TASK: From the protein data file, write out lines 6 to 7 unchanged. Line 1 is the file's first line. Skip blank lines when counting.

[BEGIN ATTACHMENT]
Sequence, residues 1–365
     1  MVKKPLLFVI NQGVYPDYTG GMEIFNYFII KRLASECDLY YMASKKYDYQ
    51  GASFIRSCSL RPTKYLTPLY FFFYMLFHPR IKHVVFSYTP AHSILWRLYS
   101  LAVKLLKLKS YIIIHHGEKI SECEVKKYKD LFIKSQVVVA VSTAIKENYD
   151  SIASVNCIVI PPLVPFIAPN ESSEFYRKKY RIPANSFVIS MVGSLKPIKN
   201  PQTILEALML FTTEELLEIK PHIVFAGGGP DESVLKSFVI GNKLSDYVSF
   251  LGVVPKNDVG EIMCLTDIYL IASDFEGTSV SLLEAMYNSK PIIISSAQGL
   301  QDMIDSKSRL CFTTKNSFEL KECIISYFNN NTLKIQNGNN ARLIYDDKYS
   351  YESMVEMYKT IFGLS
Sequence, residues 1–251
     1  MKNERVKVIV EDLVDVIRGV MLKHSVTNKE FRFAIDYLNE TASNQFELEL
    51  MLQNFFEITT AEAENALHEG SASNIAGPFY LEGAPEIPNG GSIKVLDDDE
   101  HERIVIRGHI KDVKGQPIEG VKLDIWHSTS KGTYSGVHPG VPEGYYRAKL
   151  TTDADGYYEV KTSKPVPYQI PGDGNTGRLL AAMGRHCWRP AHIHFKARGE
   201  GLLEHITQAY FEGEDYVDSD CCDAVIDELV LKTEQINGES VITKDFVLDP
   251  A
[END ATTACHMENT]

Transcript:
   201  PQTILEALML FTTEELLEIK PHIVFAGGGP DESVLKSFVI GNKLSDYVSF
   251  LGVVPKNDVG EIMCLTDIYL IASDFEGTSV SLLEAMYNSK PIIISSAQGL